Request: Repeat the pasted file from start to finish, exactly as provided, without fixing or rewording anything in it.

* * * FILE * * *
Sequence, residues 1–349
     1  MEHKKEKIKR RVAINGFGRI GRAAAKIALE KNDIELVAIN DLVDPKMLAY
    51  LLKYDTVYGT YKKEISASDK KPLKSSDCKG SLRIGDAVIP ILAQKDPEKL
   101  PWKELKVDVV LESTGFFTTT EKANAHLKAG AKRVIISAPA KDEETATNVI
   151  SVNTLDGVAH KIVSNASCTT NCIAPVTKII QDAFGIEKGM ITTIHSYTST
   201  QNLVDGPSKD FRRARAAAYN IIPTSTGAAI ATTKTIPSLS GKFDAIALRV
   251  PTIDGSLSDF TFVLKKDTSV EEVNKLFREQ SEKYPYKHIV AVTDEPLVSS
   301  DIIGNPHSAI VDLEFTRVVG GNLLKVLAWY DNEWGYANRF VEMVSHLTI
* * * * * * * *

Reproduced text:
Sequence, residues 1–349
     1  MEHKKEKIKR RVAINGFGRI GRAAAKIALE KNDIELVAIN DLVDPKMLAY
    51  LLKYDTVYGT YKKEISASDK KPLKSSDCKG SLRIGDAVIP ILAQKDPEKL
   101  PWKELKVDVV LESTGFFTTT EKANAHLKAG AKRVIISAPA KDEETATNVI
   151  SVNTLDGVAH KIVSNASCTT NCIAPVTKII QDAFGIEKGM ITTIHSYTST
   201  QNLVDGPSKD FRRARAAAYN IIPTSTGAAI ATTKTIPSLS GKFDAIALRV
   251  PTIDGSLSDF TFVLKKDTSV EEVNKLFREQ SEKYPYKHIV AVTDEPLVSS
   301  DIIGNPHSAI VDLEFTRVVG GNLLKVLAWY DNEWGYANRF VEMVSHLTI